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  • Brief report
  • Open Access

Acceptance of pharmaceutical cannabis substitution by cannabis using patients with schizophrenia

Harm Reduction Journal201815:47

https://doi.org/10.1186/s12954-018-0253-7

  • Received: 5 June 2018
  • Accepted: 4 September 2018
  • Published:

Abstract

Background

Cannabis-smoking patients with a psychotic disorder have poorer disease outcomes than non-cannabis-smoking patients with poorest outcomes in patients smoking high-potency cannabis (HPC) containing high Δ9-tetrahydrocannabinol (THC) and low cannabidiol (CBD). Quitting cannabis smoking or substitution of HPC by cannabis variants containing less THC and/or more CBD may benefit these patients. The present study explores whether daily HPC-smoking patients with schizophrenia accept smoking such variants.

Methods

Twelve male patients were asked to smoke on six different occasions one joint: on two occasions, the cannabis they routinely smoke (HPC; not blind), and blind in random order; on two occasions, cannabis containing low THC and no CBD; and on two occasions, cannabis containing low THC and high CBD.

Results

Both substitute variants were appreciated, but patients preferred the HPC they usually smoked. The effect of the low THC/high CBD variant was reported by 32% to be too short and by 36% to be not strong enough, whereas this was reported by 5% and 64%, respectively, for the low THC cannabis variant.

Conclusions

Based on these findings, a larger and longer study on the efficacy of cannabis substitution treatment in HPC-smoking patients with schizophrenia seems feasible and should be considered.

Trial registration

2014-005540-17NL. Registered 22 October 2014, 2014-005540-17NL 20141215 CTA.xml

Keywords

  • Schizophrenia
  • Psychosis
  • Cannabis
  • Skunk
  • CBD
  • High-potency cannabis

Introduction

Prevalence of cannabis use in patients with a psychotic disorder is high [1, 2]. According to patients, cannabis is often used as self-medication to ameliorate positive and/or negative symptoms [3], to get “high,” and/or for pleasure and social motives [46]. However, there is growing evidence that (a) patients with a psychotic disorder who smoke high-potency cannabis (HPC), i.e., cannabis containing high concentrations of Δ9-tetrahydrocannabinol (THC) and low concentrations of cannabidiol (CBD), have poorer disease outcomes than either non-cannabis-smoking patients or patients that discontinue their cannabis use and (b) patients who continue the use of HPC show more psychotic episodes and an increased probability of (re)hospitalization [7, 8].

THC seems to be the main driver of the psychotogenic effects of cannabis, whereas CBD may inhibit THC-induced anxiety and psychosis. In a large web-based cross-sectional survey, it was shown that persons who smoked cannabis with a low THC/CBD ratio had significantly fewer psychotic-like experiences than those smoking cannabis with higher THC/CBD ratios [9]. Furthermore, co-administration of CBD and THC induced less anxiety and fewer psychotic-like symptoms than THC alone [1014], implicating that smoking CBD-enriched cannabis (and containing less THC) may be less harmful for patients with a psychotic disorder who do not want or cannot quit smoking cannabis [13, 14]. Therefore, prescribing cannabis containing less THC and/or more CBD as a substitution for HPC is a promising form of harm reduction, i.e., allowing the use of cannabis and simultaneously reducing the risk of psychotic episodes and (re)hospitalization. In the current study, we investigated whether patients with a psychotic disorder using HPC accept smoking less harmful cannabis variants, i.e., cannabis variants with less THC and/or more CBD.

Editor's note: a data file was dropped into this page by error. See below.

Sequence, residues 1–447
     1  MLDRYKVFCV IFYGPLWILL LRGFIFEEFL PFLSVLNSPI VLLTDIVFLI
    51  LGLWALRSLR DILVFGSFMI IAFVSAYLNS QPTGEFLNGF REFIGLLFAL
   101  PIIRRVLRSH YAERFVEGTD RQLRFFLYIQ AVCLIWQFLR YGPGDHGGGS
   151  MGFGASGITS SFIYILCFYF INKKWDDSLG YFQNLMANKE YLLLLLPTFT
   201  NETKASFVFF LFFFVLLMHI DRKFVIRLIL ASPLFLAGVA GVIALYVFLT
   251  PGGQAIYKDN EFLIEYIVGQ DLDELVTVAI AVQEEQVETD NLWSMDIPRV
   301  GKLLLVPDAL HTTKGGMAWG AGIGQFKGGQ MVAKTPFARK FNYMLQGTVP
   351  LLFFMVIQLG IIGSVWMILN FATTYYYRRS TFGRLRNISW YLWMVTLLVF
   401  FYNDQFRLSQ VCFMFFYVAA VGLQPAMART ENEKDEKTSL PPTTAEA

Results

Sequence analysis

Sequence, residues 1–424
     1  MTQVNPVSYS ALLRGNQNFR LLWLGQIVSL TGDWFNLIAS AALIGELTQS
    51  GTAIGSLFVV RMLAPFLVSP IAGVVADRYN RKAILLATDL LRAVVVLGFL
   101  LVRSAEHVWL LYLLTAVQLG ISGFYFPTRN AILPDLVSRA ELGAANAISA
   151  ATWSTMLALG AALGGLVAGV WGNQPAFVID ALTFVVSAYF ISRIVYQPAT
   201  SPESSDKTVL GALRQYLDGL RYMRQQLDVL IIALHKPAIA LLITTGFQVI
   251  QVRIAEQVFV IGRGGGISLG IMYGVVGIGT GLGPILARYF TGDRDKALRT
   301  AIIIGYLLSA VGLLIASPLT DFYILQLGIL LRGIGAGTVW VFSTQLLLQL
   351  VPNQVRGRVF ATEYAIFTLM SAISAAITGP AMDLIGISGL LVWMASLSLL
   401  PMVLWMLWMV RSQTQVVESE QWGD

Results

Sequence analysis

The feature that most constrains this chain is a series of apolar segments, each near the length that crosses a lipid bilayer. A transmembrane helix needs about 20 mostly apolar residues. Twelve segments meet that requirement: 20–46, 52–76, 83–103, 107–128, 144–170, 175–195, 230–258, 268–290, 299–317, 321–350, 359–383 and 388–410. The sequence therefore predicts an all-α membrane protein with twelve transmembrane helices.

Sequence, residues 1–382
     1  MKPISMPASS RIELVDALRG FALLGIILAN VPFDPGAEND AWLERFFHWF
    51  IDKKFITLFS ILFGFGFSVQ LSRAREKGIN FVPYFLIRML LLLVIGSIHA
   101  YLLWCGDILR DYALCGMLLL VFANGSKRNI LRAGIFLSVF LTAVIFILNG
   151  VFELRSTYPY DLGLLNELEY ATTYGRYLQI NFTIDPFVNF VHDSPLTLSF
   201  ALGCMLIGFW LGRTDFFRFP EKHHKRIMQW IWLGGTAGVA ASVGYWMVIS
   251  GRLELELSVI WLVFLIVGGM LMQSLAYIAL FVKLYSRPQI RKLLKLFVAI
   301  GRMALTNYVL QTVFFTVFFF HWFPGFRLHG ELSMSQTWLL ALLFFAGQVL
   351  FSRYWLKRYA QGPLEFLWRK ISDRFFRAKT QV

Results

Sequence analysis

Methods

Study design

The cannabis that patients regularly smoked (“own cannabis”) was used as a reference to evaluate the acceptability of two medicinal cannabis variants containing less THC. In the presence of the investigator, patients smoked one joint on six separate days. The cannabis (0.25 g) was rolled in tobacco. The first and last joint contained the patient’s own cannabis. The other four joints were offered in a blinded and random order and contained either 0.25 g of Bediol® (3.6% w/w THC and 7.1% w/w CBD; two times) or 0.25 g of Bedrobinol® (9.1% w/w THC and < 0.2% w/w CBD; two times). For product details about Bedrobinol and Bediol, please see the website of the Office Medicinal Cannabis (BMC) [15]. The patient’s own cannabis was assayed for THC and CBD.

Inclusion criteria

Twelve male outpatients (mean 40.5 ± 10.0 years; range 22–54 years.) who were in treatment for schizophrenia and a comorbid cannabis use disorder were included. All were daily cannabis smokers, currently treated with antipsychotics, and had suboptimal response to treatment, i.e., persistent psychotic symptoms and poor social behavior. One patient dropped out of the study after having smoked two joints (once his own weed and once Bediol®). His refusal to further participate was not linked to the Bediol® offered to him or to the aim of the study.